Today’s AgendaDiscussion of feedback and blogsReturn to slam poetry. Experiment, perform, debriefDiscussion of Powers article with some reading strategies fornon-fictionDebrief of key ideas in article as well as process
FeedbackPlease see announcements in Web CT for general feedback onblogsI have emailed individual feedback via web ct
Oral CommunicationOral communication is one of the four strands in the curriculum but it is often not explicitly taught in the same way that the reading and writing strands are taught.
Slam PoetryTaylor Mali “Like You Know” http://www.youtube.com/watch?v=SCNIBV87wV4
Althouse Poetry SlamAlthouse Poetry Slam In small groups, compose an original poem for our Althouse Poetry Slam following the guidelines in the video reading for this week. Audience: your peers Purpose: to express your feelings, concerns, hopes, fears about teaching (and to understand how you can apply this to the classroom)
DebriefHow would you scaffold this activity to explicitly teach and modelthe skills and strategies students need to be successful with thisactivity?What modifications could you make to this activity to supportdifferent types of learners?
Gradual Release of ResponsibilityWe watch a number of poetry slams and rank themDevelop a list of criteria for what makes an effective slam poem.Post chart in classroom and refer to it as we analyze additional examplesMini-lessons focused on criteria from anchor chart. Students practice insmall groups.Group poetry slam----> Individual poetry slamStudents self-assess using collaboratively developed criteria
Discussion of ReadingFor this week I asked you to read “Curriculum Theorizing forMultiliteracies: A Rebel With a Cause”At your tables, I’m going to have you divide up the article andthen we’re going to use some reading strategies for non-fictionas a basis for our discussion.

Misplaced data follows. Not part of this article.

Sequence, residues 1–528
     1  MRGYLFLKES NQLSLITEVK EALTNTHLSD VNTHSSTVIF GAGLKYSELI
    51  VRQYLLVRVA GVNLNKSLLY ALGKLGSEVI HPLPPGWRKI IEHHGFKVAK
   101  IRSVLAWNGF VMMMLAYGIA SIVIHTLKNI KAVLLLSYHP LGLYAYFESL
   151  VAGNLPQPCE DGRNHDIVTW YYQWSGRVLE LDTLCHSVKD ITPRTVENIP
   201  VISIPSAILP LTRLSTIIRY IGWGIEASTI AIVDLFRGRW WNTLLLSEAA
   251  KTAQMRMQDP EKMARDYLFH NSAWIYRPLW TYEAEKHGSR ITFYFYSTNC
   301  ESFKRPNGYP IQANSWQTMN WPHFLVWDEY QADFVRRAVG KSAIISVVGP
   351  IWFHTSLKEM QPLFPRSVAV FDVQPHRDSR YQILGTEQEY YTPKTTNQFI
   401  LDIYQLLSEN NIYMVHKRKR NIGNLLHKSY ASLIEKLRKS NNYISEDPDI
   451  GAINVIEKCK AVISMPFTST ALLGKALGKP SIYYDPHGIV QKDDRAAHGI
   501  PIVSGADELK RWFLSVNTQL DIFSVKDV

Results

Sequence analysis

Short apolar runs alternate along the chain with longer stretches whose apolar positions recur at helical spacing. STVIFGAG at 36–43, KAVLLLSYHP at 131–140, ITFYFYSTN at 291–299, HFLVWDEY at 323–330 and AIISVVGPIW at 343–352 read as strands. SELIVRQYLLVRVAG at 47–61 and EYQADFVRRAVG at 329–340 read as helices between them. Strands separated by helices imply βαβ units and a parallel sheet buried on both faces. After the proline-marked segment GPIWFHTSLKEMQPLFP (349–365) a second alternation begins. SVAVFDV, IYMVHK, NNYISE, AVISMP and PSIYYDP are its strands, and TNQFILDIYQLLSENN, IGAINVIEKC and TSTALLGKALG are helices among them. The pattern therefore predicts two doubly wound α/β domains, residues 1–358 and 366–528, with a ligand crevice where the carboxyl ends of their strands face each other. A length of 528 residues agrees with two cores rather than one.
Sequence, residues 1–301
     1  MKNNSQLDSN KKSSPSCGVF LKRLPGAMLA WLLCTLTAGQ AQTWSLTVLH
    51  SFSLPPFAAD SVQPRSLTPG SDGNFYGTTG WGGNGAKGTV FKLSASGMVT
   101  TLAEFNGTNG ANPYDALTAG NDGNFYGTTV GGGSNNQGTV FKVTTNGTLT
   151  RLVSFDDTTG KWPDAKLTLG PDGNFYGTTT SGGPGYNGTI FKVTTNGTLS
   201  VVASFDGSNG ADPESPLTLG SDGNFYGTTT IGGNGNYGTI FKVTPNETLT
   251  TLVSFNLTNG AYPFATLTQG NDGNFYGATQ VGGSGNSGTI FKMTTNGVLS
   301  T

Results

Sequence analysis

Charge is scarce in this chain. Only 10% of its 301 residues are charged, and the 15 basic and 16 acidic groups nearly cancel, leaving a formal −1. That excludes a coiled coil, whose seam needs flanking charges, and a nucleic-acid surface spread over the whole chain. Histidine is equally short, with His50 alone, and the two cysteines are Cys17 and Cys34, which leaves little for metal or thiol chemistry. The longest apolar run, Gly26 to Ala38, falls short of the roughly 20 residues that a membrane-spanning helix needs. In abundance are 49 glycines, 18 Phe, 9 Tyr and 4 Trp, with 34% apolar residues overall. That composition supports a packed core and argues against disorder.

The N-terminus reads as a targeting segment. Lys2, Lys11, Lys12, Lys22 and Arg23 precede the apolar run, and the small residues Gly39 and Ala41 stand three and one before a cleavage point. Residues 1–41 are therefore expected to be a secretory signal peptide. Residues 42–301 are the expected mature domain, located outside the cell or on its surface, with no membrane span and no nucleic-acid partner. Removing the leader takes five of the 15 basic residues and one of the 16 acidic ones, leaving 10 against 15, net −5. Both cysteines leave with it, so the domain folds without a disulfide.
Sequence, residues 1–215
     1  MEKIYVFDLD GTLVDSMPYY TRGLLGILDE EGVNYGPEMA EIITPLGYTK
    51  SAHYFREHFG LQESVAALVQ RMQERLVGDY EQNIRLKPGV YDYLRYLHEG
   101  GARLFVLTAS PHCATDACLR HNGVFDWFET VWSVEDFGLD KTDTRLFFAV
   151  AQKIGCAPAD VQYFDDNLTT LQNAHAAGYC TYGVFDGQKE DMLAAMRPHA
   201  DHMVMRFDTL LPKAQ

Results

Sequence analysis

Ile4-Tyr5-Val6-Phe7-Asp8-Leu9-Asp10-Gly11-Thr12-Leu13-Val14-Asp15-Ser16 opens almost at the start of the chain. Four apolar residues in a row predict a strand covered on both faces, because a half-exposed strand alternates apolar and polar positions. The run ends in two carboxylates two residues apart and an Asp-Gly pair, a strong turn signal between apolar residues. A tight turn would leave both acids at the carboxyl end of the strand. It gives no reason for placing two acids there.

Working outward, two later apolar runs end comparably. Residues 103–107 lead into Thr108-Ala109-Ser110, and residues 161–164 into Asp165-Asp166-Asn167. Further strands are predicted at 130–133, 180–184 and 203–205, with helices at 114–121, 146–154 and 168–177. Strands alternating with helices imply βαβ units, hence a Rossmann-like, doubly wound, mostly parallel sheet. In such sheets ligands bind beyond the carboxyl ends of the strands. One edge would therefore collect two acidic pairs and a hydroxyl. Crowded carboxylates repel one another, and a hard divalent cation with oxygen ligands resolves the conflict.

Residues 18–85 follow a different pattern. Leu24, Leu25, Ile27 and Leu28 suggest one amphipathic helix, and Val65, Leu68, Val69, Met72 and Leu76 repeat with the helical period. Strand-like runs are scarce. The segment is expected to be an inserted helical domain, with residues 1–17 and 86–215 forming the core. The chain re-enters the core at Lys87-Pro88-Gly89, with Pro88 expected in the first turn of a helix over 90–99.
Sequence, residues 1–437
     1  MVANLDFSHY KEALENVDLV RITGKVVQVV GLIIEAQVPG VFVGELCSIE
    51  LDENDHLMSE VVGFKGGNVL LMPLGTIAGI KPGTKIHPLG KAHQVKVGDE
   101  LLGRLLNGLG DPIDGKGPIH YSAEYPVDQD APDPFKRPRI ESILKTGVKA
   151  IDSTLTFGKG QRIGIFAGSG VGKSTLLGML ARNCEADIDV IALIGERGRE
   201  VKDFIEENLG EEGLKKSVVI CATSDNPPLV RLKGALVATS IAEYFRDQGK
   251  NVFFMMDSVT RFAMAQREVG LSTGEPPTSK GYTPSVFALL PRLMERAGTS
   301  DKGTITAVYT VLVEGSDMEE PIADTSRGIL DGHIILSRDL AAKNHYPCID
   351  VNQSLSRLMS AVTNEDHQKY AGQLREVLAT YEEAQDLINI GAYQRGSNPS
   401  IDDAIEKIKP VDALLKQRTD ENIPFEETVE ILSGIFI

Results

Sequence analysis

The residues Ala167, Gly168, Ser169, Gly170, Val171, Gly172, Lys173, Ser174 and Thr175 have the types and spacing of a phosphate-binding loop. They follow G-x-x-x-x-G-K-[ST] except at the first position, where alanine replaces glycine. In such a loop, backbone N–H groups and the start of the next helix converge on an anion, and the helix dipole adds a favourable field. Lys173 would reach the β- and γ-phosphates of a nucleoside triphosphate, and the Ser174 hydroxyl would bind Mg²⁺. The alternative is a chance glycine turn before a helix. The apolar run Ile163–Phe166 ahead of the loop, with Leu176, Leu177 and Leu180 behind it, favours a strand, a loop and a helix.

Graphic OrganizersGraphic organizers can be used to scaffold the reading process,giving students a focus and purpose for reading. You can alsodecide how much information you include on the graphicorganizer.Ideally students should learn to select and identify the graphicorganizer that works best for them based on the task.
Fishbone Main idea is put at the head and subtopics are put along the top or side of the ﬁshbone with supporting details along the radiating lines. This can be used to understand how one event may have several causes. It can also be used to organize an essay.
FQR This graphic organizer can be used to get students to explicitly track their personal connections to the text as well as any questions they might have while reading. It’s a good way to help them see how they read for inferences.
PMI PMI helps students evaluate a text and form judgements, but it also provides a place for them to record questions they have or observations that are neither positive nor negative.
KWL This can be a good graphic organizer when students are beginning research. It helps set a purpose for their reading but gets them to make connections to prior knowledge as well.
Choose one of the graphic organizersBreak up your section of the article into manageable chunks.Use your graphic organizer to record your ideas (Stop and addsomething to the chart at the end of each chunk).When everyone at your table is done share what you learned fromthe article.If you have time left, discuss the effectiveness of the graphicorganizers.
DebriefWhat were the key ideas that came out of this article that youdiscussed at your table?Other applications for graphic organizers? Have you used othersthat were effective?
For Next WeekPlease read Kajder, S. (2010). Situating the conversation: New literacies, technology and learningin the English language arts classroom. (Chapter One) in Adolescents and digital literacies: Learning alongside our students. (will be uploaded to Web CT by this weekend).